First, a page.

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Up Your Assets: 5 Advantages to Becoming a CPA

Have you admired the success and respect financial gurus such as Certified Public Accountants earn? Maybe even secretly browsed online CPA degrees? If you are looking for a nudge, read this post. There has likely never been a better time to become a CPA. Why, you ask? Because CPAs enjoy a plethora of career benefits many other professionals only dream about. Here is a look at just five of them.

5 stellar reasons to become a CPA

1. Be in-demand.

Everyone loves to feel needed, especially when it translates to excellent job security. The future is bright for CPAs. How bright? The Bureau of Labor Statistics reports that demand for accountants of all types is projected to grow by an impressive 22 percent, 2008-2018, but CPAs in particular should fair even better.

2. Earn a solid salary.

Whoever said money makes money might as well have been talking about CPAs. According to the BLS, CPAs earned a median annual salary of $61,690 in 2010, but the top 10 percent of earners broke six figures, earning in excess of $106,880. Not too shabby for a field that doesn't usually require an advanced degree (a bachelor's degree plus certification is often sufficient).

3. Manage that salary better.

There are two ways to earn more money. First, land a lucrative job. Second, manage and invest your existing salary wisely. CPAs are rock stars on both fronts, earning an impressive wage and knowing what to do with it. As a bonus, you will never have to hire someone to do your taxes.

4. Be your own boss (or at least get a snazzy office).

CPAs enjoy a level of flexibility few other professions offer, including the ability to launch your own business or accounting practice. According to the BLS, many CPAs do just that, and even those working for established firms can often complete many of their hours from home. Proper accounting and reporting is also a must for any successful business, so employers tend to treat their CPAs well. That corner office may be closer than you think.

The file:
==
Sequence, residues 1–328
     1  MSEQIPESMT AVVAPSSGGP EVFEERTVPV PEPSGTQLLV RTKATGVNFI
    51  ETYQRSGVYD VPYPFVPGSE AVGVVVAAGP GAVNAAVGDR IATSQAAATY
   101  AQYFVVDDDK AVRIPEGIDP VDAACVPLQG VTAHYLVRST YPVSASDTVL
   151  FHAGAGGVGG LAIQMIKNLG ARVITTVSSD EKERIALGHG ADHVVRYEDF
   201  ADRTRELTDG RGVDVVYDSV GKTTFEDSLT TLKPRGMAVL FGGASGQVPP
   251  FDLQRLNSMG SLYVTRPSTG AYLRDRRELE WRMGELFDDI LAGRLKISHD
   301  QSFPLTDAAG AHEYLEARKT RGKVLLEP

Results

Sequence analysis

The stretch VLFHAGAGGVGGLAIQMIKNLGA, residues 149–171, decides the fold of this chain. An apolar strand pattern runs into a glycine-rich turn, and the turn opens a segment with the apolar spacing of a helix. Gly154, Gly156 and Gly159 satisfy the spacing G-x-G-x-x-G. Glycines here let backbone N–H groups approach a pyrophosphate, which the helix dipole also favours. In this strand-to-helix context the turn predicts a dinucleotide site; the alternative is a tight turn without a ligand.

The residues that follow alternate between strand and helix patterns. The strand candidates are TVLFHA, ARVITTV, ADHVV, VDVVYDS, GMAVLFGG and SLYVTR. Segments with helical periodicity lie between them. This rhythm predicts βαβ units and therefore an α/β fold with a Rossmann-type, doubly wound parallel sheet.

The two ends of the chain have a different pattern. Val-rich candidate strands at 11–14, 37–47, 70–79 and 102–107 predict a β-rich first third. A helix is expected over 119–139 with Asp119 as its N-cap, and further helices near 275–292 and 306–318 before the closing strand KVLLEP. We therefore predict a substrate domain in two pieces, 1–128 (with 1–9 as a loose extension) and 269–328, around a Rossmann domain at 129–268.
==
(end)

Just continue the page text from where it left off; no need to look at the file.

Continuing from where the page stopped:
5. Choose your own (career) adventure.

If you think becoming a CPA destines you for a particular career path, think again. CPAs enjoy a great deal of career flexibility and can meter their jobs to their interests. You can choose to work for a respectable practice in a small town (or launch your own), or you can rev things up by joining a high profile firm with big name, high-earning clients. CPAs can also specialize their practices toward areas of professional interest, like personal financial planning, business valuation and taxation.

Training: A CPA's number one investment

CPAs certainly enjoy a number of career benefits, but those perks are earned through their specialist status. In other words, Joe Schmoe off the street can't just walk into a firm and expect to do a CPA job. Finance is a tricky thing (and a tightly regulated industry). Employers want to hire public accountants that really know their trade so that they can avoid mistakes, miscalculations and even criminal charges. That is precisely why CPAs must typically earn at least a bachelor's degree in accounting or finance, then an additional certification as mandated by their states. Online CPA degree programs are an excellent way to begin this training, especially if you value the convenience and flexibility that online education can provide.

 



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